Congratulations to the General Assembly and Gov. Nikki Haley for establishing college grants for students with intellectual disabilities. After all, learning is for everybody, and all should have access to public funding sources to make post-secondary education possible.
South Carolina is already recognized nationally as a leader in post-secondary programs for students with a intellectual disabilities at five major universities. Now, we are one of the first in the country to have tuition assistance for courageous young adults to make the dream of independence and meaningful employment a reality.
These new college grants provide up to $7,000 annually for in-state students and can be used along with Pell grants and other private funding sources.
To determine eligibility, families should contact the universities now so they don’t miss out on these new grants, which are already available.
The next important step for our state is to continue the path of including students who have alternative learning abilities into K-12 general education classes so these college-bound students are better prepared to take advantage of post-secondary education.
Because of what our state has achieved so far for these young adults with intellectual disabilities, anything and everything is possible.
When you let a snake into the house, it will lay eggs.
A federal judge has now overturned an amendment to Oklahoma’s Constitution banning Shari’ah law there.
Last I heard, Oklahoma was still a state in the union of the United States of America governed by the Constitution of the United States.
Looks to me like there needs to be a house cleaning, or at least keep the snake securely in the cage.
The people whose letters, “Disobeying orders” and “Policy reload” were published on Aug. 5 appear to be wedded to their own axioms about how things work, and they draw conclusions assuming their axioms are true.
The first writer observes that the armed forces can’t function if officers regularly disobey orders. Sheriff Al Cannon is not a proponent of regularly disobeying orders, just disobeying ones that are obviously unlawful. The Article 15 and court martial procedures mentioned by that writer are designed to handle extreme cases in military justice. Unlawful orders do exist — think My Lai in Vietnam and the Nuremberg trials in World War II (where defendants were very good at always following orders).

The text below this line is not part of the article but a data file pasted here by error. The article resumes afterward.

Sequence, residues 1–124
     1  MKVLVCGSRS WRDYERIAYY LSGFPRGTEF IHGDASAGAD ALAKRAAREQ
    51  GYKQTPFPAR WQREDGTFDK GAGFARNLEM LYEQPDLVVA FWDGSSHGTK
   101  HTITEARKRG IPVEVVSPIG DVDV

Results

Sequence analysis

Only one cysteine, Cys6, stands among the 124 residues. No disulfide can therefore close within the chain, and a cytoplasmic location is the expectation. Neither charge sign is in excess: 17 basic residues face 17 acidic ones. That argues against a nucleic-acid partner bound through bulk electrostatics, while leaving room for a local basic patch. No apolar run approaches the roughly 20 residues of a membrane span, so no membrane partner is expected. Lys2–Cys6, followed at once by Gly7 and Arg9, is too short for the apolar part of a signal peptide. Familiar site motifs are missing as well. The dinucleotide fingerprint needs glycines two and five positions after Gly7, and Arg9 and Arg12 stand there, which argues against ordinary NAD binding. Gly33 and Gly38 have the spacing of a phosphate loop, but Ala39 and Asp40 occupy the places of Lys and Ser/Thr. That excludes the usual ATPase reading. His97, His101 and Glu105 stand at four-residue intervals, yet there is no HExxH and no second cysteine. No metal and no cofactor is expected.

Also, people make mistakes and can issue patently stupid orders that need to be challenged. The Article 15 process can sort that out and render a no-fault decision to the accused. I’ve seen it happen.
The second writer, who made an attempt at witty sarcasm by saying that he had not seen any Redcoats or Russians lately, used the false axiom that the Second Amendment was enacted to allow people to defend their homes and country.
At least he didn’t mention that people could go duck hunting. (OK, I can be sarcastic, too.) The founding fathers feared a powerful central government and wanted citizens to be armed in case the government becomes repressive. (You know, the idea behind the Revolutionary War.)
They carefully crafted a structure with checks and balances to protect citizens from the power-seeking instincts that naturally befall politicians. And as expected, power-seeking politicians tried to circumvent the limits specified by the Constitution.
The last few years have been particularly rife with examples of the national political class acting in contravention to the Constitution.